In 1823, flabbergast was noted as a Sussex word, perhaps from some dialect. Some would suggest that the word is an arbitrary invention suggested by flabby (adj.) or flap (n.) and aghast (adj.). The source of the word’s first part is obscure. It might be linked to flabby, suggesting that somebody is so astonished that they shake like a jelly.

Words sometimes change their meaning over the years. Take the word pitcher. As my husband pointed out to me earlier today, the word pitcher is used in two totally different ways. (He's fascinated by words also.)

Its older usage is as a container with a spout used for storing and pouring contents which are liquid in form. Generally a pitcher also has a handle, which makes pouring easier. Then in 1722, it came into use as a noun to describe "one who pitches," originally of one tossing hay into a wagon, etc. The word became associated with the game of baseball as early as 1845.

Of course, we’ve all heard the proverb "Little pitchers have big ears" The phrase depicts a child as the pitcher with ears hearing what people around them say or do, which is stored inside. The adults are also cautioned that the children might not be as na├»ve as they perceive them to be.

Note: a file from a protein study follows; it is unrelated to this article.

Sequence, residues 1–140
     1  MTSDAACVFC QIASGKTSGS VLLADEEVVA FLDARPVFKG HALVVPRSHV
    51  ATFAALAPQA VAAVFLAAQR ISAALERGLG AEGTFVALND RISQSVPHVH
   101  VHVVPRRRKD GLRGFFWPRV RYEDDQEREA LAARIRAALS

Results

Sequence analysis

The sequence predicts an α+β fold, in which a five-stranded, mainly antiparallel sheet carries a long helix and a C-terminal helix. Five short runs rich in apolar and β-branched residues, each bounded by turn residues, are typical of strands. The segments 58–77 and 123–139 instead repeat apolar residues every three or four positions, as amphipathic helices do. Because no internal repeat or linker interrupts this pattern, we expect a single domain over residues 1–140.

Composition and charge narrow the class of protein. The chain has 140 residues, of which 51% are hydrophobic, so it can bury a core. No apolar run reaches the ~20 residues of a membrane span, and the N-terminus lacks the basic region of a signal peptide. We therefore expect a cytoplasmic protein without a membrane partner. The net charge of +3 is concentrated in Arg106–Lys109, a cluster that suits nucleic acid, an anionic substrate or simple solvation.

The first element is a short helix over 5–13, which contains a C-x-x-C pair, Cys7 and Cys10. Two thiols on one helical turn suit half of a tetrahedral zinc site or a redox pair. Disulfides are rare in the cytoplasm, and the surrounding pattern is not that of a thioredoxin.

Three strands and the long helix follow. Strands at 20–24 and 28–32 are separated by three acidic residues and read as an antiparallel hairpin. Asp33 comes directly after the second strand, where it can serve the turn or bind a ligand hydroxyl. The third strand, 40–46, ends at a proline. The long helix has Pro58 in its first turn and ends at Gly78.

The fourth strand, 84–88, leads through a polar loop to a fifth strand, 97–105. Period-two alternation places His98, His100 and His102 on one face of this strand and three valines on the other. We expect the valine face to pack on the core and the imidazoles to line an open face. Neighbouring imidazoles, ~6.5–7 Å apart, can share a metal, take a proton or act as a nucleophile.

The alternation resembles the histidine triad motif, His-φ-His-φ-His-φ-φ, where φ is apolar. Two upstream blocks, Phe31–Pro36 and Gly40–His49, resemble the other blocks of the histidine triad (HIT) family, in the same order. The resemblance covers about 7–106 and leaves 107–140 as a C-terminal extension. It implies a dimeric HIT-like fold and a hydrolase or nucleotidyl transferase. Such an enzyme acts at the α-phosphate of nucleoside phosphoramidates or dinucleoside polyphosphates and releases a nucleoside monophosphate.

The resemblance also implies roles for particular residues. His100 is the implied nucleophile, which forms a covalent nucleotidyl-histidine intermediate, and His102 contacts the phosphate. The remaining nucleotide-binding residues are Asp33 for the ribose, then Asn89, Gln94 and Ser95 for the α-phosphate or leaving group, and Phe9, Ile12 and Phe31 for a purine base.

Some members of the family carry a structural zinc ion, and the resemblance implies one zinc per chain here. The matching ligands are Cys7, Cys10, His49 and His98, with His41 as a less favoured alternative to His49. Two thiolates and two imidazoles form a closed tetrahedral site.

If you've found my little meandering on words amusung or helpful, I hope you'll leave a comment. Is there any particular words you'd be interested in knowing more about?

Monday, February 4, 2013

Illusions



Thought I'd share a bit of flash fiction today.
“Now, for all you lonely people out there...,” the sultry sound of the D. J. caused Doug’s blood pressure to soar. Since he’d found Monique’s late night program, his insomnia was no longer a problem. Skipping past long-winded preachers and someone selling house siding on the radio dial, his fingers had halted at the sound of her captivating voice. Its husky, breathless quality exuded sex with every word she spoke. Who cared about lost sleep when Monique kept him company in the dark? 

He closed his eyes and savored dulcet tones that caressed like a latte going down smooth. Monique even managed to make the weather report sound sexy. As she introduced each song, her words fell like whispered love words. Impatiently, Doug awaited each musical selection’s ending, eager to enjoy more of her alluring voice.

 Soothing strains of Strangers In The Night filled the darkened room. Doug found himself imagining what Monique looked like. She was young-sounding but some of the things she said convinced him she had life experiences to back up her opinions. He decided she had to be single because she never mentioned family when she spoke about her daily happenings. Over the course of the week since he’d discovered Monique, his sexual fantasies had grown downright erotic.

There must be some way to meet the had-to-be-spectacular body inhabited by this sexy voice. Well, he knew the location of her radio station. She left the air-waves at four a.m. What was to keep him from being there, waiting, when she left the building? He would introduce himself, say what a fan of hers he’d become, tell her how much her program had helped him, offer to buy her a cup of coffee. Hey! Miracles still happened, didn’t they? No telling what the coffee could lead to. He had to try.